Classic Exterior Shutters


While shutters were originally designed for functionality, today their role is most often visual, adding an extra layer of character-rich architectural information to a home. When shutters are designed as part of the overall exterior, they play an important role in establishing the correct solid to void relationship on a structure’s façade. As such they are a key element of the overall window ensemble, and a detail that helps pull everything together.

Originally, shutters were designed to control light, provide privacy, and protect the interior from inclement weather. Historians believe shutters were first used in Ancient Greece and were constructed of marble with fixed louvers. The use of shutters continued through history, and over time wood became the material of choice.

Solid paneled shutters were called “shutters” and the louvered shutters we see today with angled horizontal slats were called “blinds.” In the late 1700s, louvered shutters came into use and were particularly favored in warmer climates. Operable with functional hinges, they could easily swing closed to minimize heat while allowing air to circulate into the house. Louvers added another layer of functionality: by pointing downward, they help shed water away from the home during rainstorms.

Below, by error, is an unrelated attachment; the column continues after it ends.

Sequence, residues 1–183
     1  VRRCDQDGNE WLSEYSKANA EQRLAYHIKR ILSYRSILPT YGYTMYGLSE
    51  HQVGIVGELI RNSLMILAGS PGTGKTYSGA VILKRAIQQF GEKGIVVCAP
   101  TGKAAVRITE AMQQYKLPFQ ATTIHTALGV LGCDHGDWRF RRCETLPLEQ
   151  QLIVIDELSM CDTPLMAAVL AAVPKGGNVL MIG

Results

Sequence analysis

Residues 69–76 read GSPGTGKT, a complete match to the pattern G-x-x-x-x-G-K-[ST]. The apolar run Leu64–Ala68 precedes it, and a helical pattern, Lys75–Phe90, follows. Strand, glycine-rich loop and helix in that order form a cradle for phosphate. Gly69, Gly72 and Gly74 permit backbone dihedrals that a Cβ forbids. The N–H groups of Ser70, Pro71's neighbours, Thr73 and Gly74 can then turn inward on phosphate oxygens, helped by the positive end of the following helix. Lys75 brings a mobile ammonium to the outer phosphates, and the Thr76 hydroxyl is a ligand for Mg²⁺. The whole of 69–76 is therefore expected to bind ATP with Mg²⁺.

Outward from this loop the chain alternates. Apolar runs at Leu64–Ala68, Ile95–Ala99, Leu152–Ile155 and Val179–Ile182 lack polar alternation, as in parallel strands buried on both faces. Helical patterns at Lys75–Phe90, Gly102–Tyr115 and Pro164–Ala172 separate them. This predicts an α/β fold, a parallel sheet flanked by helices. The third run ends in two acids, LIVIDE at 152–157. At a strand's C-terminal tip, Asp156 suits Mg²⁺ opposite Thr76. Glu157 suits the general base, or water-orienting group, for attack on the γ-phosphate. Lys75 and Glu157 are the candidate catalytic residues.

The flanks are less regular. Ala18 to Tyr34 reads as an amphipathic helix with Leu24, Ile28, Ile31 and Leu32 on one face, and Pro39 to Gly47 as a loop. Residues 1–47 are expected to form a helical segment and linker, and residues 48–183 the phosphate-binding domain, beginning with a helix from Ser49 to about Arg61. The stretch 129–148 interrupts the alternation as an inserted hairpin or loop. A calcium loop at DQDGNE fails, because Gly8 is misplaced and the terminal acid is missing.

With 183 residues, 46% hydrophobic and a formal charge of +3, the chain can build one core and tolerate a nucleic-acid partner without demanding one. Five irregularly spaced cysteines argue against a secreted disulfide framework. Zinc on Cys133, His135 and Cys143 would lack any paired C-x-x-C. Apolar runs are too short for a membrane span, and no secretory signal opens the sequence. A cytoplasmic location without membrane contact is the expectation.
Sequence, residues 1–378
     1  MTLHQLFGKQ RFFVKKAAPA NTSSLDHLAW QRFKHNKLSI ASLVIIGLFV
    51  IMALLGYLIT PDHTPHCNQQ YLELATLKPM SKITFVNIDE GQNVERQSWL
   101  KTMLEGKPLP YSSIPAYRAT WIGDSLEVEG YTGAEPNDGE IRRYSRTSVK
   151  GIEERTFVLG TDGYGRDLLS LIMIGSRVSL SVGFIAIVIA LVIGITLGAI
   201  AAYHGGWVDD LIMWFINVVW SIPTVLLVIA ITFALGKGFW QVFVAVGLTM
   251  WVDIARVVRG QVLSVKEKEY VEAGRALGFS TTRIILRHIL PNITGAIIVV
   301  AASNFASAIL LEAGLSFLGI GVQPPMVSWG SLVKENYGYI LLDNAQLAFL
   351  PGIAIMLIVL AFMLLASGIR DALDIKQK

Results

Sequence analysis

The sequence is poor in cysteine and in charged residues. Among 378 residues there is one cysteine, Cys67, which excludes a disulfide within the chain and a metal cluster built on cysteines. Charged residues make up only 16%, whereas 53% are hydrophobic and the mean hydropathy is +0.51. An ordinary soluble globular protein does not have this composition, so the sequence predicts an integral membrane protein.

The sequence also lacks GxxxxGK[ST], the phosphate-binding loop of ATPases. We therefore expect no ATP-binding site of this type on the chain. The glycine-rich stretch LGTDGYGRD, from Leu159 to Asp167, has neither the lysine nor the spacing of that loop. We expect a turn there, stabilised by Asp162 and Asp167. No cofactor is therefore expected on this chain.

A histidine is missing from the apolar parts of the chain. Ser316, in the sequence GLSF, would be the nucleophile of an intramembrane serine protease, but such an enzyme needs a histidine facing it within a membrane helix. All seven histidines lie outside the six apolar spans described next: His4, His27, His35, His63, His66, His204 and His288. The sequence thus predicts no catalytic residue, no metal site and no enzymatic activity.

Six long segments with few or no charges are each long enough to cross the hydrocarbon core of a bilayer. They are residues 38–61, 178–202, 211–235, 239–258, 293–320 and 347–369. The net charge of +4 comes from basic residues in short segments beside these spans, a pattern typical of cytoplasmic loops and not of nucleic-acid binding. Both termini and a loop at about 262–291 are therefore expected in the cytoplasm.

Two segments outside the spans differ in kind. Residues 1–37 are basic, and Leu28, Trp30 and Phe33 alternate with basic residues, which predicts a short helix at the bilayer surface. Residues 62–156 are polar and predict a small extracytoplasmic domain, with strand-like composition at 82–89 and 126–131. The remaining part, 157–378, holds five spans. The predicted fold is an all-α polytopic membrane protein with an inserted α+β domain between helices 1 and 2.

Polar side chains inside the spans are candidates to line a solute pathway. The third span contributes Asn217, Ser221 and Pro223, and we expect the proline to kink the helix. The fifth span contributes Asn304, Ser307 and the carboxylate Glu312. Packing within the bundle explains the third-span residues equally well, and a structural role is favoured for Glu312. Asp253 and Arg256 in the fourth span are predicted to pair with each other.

An example of paneled shutters.
An example of louvered shutters.

By the early 1800s many windows were fitted with exterior shutters which were typically painted dark green or a shade of green that weathered to a deeper hue. Shutters were opened and closed daily to provide shade or to protect from oncoming storms. When closed, these shutters fully covered the window and were as important then as window screens are today.

Today, shutters remain a classic fixture in historic homes and are considered an integral part of many window designs. Since shutters are rarely used for their original function, many homes have turned to decorative, inoperable shutters. We strongly believe in using operable shutters for historical accuracy. Based on traditional architecture, we size shutters to fully cover and accept the window opening and match the vertical dimension of the window’s frame.

Exterior shutter hardware adds authenticity to operable shutters. As a result, our shutters are specified with proper pins and holdbacks even if the intent is to keep them open indefinitely. We typically use New York style functional hinges and appropriate shutter dog holdbacks on our shutter installations. In addition, we mount the shutters away from the siding which results in visually appealing shadow lines.

While shutters no longer play their functional role from centuries past, their enduring character is undoubtable. If this discussion of shutters has you reconsidering your own exterior, contact us to learn how we might approach the project. In the interim, we invite you to find meaningful inspiration in our portfolio.


For those contemplating a DIY shutter fix, take care not to end up a #shuddersunday post on social media! The 2021 article We’re doing shutters all wrong is a perennial favorite in our office, and shares some exceptional “don’ts” of shutter etiquette. 


Originally posted: July 11, 2019

Revised: November 2, 2023